Metalworking firm has shiny, new home in Chattanooga

Metalworking firm has shiny, new home in Chattanooga

October 12th, 2012 by Joan Garrett McClane in Business Around the Region

Nick Burrows, general manager of Metalworking Solutions, speaks to turret operator Pablo Marcano in the company's new facility.

Photo by Dan Henry /Times Free Press.

Michael Garrett supervises as a laser cuts custom pieces out of steel on Thursday at Metalworking Solutions new Lookout Valley facility.

Michael Garrett supervises as a laser cuts custom...

Photo by Dan Henry /Times Free Press.

Six years ago, a few months before the economic recession took hold, Metalworking Solutions was founded with one machine that bent metal and another than cut it.

Now there are three laser cutters, priced around $800,000 each. And the small but growing niche manufacturer has grown its revenue from $1 million the first year to $6 million this year, making everything from boat seats to decorative car engine covers.

The company's machines and 35 employees have a new 75,000-square-foot home in Lookout Valley.

David Clark, a supervisor in the shop, said their old location on Chestnut Street was getting crowded.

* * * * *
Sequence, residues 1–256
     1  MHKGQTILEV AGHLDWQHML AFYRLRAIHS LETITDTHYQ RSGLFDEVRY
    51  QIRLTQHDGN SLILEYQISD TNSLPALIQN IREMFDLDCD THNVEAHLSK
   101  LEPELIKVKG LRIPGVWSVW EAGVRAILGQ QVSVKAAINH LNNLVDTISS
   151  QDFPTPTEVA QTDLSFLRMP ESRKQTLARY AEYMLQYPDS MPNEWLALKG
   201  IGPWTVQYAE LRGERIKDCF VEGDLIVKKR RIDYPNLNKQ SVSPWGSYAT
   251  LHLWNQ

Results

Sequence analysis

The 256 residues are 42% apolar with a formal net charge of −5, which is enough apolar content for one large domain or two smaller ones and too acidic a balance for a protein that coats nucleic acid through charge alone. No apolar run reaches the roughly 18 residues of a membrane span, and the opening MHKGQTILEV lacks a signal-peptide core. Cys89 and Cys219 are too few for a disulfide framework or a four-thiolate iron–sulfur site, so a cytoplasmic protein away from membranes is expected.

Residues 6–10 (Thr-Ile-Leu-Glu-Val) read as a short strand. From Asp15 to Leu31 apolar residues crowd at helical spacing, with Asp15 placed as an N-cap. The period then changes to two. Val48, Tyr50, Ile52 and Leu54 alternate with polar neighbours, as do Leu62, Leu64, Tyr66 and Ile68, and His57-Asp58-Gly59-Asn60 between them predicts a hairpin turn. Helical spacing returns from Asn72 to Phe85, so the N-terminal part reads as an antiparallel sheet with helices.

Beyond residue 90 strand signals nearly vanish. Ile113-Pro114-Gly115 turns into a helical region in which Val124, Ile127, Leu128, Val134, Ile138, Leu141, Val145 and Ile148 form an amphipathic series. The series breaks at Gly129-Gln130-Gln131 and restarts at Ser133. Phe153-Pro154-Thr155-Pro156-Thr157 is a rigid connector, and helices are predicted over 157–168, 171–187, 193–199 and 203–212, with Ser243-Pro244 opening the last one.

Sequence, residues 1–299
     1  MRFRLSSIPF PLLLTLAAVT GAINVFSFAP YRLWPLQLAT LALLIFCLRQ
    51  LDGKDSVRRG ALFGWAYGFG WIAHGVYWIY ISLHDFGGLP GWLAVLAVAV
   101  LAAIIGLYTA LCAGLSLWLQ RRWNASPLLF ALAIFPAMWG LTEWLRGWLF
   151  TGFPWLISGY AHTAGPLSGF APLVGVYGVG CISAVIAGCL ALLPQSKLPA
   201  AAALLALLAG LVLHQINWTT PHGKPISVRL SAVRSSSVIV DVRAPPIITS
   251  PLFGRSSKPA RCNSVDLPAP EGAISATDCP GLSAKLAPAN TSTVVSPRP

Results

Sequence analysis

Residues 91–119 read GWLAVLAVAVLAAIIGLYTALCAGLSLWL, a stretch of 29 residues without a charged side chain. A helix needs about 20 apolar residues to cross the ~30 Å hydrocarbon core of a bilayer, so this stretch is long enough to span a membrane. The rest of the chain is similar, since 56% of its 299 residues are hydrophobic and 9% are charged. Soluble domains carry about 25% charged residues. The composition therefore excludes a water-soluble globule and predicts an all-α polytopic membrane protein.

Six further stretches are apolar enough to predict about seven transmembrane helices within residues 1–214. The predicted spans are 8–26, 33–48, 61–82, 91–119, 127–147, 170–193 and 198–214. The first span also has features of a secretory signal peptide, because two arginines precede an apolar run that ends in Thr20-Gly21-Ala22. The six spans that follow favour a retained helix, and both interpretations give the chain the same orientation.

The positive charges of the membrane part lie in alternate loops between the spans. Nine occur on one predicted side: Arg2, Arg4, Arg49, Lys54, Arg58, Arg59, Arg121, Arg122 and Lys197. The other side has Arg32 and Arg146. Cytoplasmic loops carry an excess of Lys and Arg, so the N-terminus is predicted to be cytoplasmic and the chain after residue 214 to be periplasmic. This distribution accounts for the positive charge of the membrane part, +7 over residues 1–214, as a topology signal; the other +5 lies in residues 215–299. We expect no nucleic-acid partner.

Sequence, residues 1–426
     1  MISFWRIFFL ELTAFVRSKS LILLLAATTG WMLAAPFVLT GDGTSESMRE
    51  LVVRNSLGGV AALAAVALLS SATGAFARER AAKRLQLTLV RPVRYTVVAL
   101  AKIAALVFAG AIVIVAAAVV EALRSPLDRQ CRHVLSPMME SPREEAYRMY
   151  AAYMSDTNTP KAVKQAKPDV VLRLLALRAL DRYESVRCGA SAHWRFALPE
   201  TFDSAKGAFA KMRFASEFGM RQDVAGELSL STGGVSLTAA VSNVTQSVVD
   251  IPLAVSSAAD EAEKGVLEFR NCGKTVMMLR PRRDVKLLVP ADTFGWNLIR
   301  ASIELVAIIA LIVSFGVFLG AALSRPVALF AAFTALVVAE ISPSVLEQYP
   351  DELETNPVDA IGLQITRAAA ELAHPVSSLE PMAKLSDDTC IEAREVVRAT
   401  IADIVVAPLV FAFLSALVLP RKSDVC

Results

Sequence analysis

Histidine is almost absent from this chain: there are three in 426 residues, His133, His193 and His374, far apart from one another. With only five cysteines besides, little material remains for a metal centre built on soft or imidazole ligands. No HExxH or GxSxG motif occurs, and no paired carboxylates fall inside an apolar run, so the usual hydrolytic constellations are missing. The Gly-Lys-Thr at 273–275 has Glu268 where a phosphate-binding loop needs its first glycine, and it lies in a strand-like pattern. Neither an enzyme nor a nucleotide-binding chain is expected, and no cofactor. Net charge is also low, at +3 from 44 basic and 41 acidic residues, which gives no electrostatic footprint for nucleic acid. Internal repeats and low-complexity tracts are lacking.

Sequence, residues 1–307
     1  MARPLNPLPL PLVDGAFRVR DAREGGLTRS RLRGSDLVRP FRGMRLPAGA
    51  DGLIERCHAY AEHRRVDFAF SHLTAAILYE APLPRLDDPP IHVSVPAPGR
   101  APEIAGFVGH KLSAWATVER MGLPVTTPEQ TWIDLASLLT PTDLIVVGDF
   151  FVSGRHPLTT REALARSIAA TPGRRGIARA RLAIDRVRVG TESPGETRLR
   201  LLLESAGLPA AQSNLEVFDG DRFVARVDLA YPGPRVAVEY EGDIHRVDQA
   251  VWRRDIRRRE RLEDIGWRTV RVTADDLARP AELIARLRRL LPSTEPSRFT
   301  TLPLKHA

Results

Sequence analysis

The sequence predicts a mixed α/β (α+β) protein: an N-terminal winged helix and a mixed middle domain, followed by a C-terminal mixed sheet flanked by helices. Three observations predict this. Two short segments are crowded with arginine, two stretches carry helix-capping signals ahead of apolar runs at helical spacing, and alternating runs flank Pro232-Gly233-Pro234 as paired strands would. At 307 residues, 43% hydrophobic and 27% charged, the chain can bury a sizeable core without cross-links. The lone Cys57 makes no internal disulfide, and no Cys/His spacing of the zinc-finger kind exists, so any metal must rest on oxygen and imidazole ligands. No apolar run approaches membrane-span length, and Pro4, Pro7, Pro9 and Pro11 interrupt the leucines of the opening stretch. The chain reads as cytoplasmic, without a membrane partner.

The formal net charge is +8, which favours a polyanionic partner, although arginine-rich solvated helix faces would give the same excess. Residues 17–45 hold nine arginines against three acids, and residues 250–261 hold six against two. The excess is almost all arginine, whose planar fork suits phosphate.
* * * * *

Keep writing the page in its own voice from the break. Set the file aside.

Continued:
"We were bumping into people," he said.

Metalworking Solutions moved three months ago after the space was prepped for about a month. The property cost a little under $2 million, said Nick Burrows, the company's general manager.

"Our president ... had a vision, that there was a need for a sheet metal fabricator that wasn't stuck in the 1980s," Burrows said. "We wouldn't have dirty shops or antiquated equipment.

On Thursday, Clark and others showed customers and suppliers around the shiny floored work area. Machines can cut through sheets of carbon steel, stainless steel and aluminum, he said. They were arranged in a neat "U" shape, snaking around the open space. Men in suit pants peered through the glass to look inside the the machines.

While the lasers ran -- slicing holes -- yellows sparks flew.

Metalwork Solutions is one of the few metalworking businesses left in Chattanooga, said Clark.

"Not many shops do this kind of work," he said. "Everyone loves their job."

As part of the the open house, employees used the time with customers to raise money for a wounded war veteran, too.

Spc. Andrew Smith is in Walter Reed Medical Hospital because he lost both of his legs in Afghanistan in March.

A nonprofit, Steps 2 Hope, plans to build him a handicap-accessible home when he gets out of therapy and returns to the area.

Burrows said he plans to send a group from the shop to help build the home.

Smith came and toured the metalwork facility last week, said Clark.